#byebyefastfashion – that’s the motto of fair fashion label JAN ’N JUNE. Since 2014 Anna and Jula, the founders of JAN ’N JUNE, have been selling sustainable fashion that’s fun to wear, great in price and very stylish. And they show: Sustainability doesn’t actually have to be difficult.
Anna: For us, slow fashion is a big part of sustainable fashion. If you want to separate fast from slow fashion, you need to look at the way you’re consuming. Fast fashion means binge shopping. It’s cheap, so you buy more clothes than you could ever wear. Items you don’t even like. You think: „Oh, it’s just two bucks, let’s just get this one as well“. Slow fashion means the opposite. It means: Buy items that have the potential to become favourites, that go with everything, that you really really love. Shop more consciously!
Jula: Consider: Does this item mean something to me, am I actually going to wear it? There’s a huge gap between thinking a piece of clothing is cool and finding something that actually suits you and fits your style. And of course sustainability plays a big role: How long is this new item going to last? How friendly is the manufacturing process — to the earth, nature and the people?
Anna: Our awareness for sustainable fashion started growing while we were studying. We both studied fashion. That means that we got confronted with how dirty the industry actually is again and again.
Jula: I’ll never forget one of my internships — I went to a production agency in Indonesia. My time there showed me, that clothes aren’t worth anything in conventional fashion. As soon as one item is finished, it gets thrown on the floor. It might be sold for 30 or 300 Euros, at the factory there’s no difference. You shouldn’t cherish the illusion that clothes that are more expensive are actually better. You’re just paying for the label.
Anna: Sometimes I think: „Oh man“. But I don’t feel that girls shopping at Primark are a personal affront to me. The problem is that you can’t really buy fair fashion labels in high street shops. We’re a tiny niche. The consumer has to put a lot of time and energy into finding sustainable labels — an effort not many people are willing to make.
Jula: We want to provide options to people. Switching from fast to fair fashion has to be as easy as possible. It doesn’t work using horrible pictures or accusations — everybody knows that a lot of things go wrong in the fashion industry. That’s why we want to make fair fashion accessible to everyone.
We want people to buy our products because they really like them. Not solely because they’ve been produced sustainably. Our clothes are supposed to be favourites that you can wear year after year. That’s why it’s one of our main goals to be sold in conventional stores and boutiques as well.
Anna: We are reaching them with great design and quality as well. We just want to build a great brand image. It should be fun to visit our online store, see what’s new. You’re supposed to notice that it’s all about fashion. Nobody has to make a complete U-turn. It’s unrealistic to demand all or nothing in terms of buying sustainably. Every item you buy that has been produced in an ethical way makes a difference.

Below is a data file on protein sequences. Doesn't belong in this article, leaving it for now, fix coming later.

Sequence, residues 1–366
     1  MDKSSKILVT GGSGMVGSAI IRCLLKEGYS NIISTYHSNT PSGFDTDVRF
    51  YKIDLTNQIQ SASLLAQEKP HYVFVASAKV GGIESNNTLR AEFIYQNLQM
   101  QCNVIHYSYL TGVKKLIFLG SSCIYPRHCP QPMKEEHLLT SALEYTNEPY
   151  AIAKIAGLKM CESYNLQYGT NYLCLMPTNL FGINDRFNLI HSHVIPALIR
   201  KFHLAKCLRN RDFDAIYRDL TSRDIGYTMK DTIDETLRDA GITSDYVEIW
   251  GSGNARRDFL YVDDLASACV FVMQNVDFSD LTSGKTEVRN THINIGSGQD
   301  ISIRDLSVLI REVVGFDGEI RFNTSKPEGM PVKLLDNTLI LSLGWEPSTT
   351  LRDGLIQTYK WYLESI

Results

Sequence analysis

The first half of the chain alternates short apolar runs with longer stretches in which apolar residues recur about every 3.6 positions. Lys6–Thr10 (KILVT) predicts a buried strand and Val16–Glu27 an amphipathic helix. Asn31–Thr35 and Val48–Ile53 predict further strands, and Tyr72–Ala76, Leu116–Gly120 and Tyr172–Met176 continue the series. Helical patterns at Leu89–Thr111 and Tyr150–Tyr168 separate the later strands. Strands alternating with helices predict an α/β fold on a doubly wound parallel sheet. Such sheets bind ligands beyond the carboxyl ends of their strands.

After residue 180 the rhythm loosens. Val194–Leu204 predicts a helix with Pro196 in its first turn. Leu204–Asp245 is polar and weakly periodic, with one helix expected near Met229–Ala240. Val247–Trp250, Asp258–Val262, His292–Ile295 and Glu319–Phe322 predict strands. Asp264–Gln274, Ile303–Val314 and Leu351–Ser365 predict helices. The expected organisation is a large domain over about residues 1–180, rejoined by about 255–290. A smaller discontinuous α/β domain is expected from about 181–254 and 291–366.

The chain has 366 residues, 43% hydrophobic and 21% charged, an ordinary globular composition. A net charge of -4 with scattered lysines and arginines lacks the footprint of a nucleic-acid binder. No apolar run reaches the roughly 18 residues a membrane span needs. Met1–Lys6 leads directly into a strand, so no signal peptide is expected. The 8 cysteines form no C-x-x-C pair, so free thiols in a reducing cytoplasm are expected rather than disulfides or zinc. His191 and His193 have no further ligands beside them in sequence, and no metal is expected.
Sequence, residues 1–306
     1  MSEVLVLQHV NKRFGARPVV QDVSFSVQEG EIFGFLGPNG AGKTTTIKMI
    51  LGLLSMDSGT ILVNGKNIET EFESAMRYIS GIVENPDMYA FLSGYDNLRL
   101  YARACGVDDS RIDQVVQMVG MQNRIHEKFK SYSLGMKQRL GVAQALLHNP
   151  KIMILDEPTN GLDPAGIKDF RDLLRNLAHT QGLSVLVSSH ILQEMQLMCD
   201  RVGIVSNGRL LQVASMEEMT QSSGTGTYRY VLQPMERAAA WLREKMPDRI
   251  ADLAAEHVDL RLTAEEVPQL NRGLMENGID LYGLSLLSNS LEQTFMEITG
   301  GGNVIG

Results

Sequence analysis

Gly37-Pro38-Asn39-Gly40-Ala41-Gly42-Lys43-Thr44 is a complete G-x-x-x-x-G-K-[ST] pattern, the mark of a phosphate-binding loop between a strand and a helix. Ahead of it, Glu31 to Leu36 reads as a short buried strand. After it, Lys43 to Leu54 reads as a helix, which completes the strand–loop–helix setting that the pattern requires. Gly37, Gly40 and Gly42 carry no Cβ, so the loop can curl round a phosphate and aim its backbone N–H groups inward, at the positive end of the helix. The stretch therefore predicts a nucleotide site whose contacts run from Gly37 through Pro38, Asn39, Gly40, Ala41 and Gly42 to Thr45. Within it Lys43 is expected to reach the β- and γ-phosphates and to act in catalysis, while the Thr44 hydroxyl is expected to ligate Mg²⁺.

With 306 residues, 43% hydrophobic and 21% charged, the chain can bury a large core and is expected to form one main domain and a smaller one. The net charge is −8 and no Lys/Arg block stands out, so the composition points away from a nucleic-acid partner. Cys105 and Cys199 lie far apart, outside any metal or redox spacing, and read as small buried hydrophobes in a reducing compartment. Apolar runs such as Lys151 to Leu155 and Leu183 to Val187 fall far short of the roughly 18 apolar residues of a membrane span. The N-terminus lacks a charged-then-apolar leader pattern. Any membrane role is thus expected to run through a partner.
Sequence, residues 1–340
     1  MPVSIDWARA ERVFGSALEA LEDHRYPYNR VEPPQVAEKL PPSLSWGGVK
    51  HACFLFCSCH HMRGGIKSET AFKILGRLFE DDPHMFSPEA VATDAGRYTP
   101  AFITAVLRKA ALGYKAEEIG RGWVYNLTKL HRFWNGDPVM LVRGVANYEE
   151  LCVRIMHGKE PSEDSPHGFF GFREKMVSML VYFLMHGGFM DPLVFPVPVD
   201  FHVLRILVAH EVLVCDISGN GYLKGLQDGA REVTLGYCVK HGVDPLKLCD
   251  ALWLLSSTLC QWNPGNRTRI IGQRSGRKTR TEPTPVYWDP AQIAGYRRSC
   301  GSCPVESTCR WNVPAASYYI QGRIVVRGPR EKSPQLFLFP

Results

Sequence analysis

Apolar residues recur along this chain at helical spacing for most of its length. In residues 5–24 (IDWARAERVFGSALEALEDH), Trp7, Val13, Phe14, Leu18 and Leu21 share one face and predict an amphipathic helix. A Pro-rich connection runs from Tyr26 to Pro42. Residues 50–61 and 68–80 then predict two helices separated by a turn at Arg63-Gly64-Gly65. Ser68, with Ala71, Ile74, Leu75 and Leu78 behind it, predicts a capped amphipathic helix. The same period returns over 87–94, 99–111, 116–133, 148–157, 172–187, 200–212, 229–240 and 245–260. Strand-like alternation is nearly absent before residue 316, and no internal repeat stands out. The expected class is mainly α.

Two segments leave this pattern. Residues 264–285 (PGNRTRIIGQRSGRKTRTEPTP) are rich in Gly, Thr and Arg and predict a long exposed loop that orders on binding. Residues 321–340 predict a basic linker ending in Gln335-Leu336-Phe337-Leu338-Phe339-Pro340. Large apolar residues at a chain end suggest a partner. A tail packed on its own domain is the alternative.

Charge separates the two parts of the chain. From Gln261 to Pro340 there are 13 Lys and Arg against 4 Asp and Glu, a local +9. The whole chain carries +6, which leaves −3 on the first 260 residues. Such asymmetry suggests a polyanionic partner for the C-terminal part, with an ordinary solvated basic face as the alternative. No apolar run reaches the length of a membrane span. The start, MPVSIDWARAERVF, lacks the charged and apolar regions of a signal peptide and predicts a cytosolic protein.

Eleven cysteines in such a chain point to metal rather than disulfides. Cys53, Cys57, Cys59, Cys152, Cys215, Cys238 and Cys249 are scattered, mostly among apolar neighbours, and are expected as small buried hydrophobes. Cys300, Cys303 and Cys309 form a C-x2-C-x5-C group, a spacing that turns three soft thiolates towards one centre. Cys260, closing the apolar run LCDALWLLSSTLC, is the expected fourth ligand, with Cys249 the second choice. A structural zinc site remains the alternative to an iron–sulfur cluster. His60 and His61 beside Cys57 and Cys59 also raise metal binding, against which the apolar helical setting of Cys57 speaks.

Jula (laughing): Yes, The Reformation. They talk about sustainability in a really hip and relevant way. The style of their clothes is completely different to ours, but their message is really cool.
Jula: I think that would be different for H&M and Inditex. I would almost lecture Inditex because they are basically ignoring sustainabilty. Whatever they are doing in that area — they could easily stop because it’s so irrelevant. How is it possible to keep sustainability so completely out of your business strategy? With H&M, I would ask how serious they actually take sustainability. The other day, I was looking at a piece from their Conscious Collection, a chiffon top. Well, 30 percent of that top had been made from recycled polyester. If you’re not familiar with the topic, you might think: „30 percent, that’s great!“ It’s actually incredibly easy to recycle polyester though, so why isn’t the whole piece made from recycled material? Especially a big company like H&M that shouldn’t be a problem.
Anna: Or if you have a piece that says: „Made from organic cotton.“ Oftentimes, only half of these pieces are actually made of cotton – maybe 25 percent of them are organic. And that’s only the material, it might still be manufactured under horrific working conditions.
Jula: Still, it’s really interesting to look at what H&M is doing. For instance, the way they advertise their green collections is really good. That’s why a lot of people claim their campaigns are greenwashing by the way. I think it’s great that they are making the topic relevant to people. H&M gives people the push to start thinking about the way they consume. That’s better than Inditex — a company that doesn’t even talk about sustainability.
Anna: There are a lot of new projects we are thinking about. We would love to have our own Men’s Collection. And maybe home wear, sports wear, even some brick and mortar shops! We’re really excited to see how society will change in the next few years. How many clothes will we have? People today move all the time, they don’t even want to own a lot of things. Lots of things are going to change I’m sure. And I’m really excited to be a part of that change.
Thank you guys for the interview!
If you want to check out JAN ’N JUNE’s current collection you can find it here.
Picture of Anna and Jula: Chérie Birkner. Pictures of the collection: Michael Rüttger.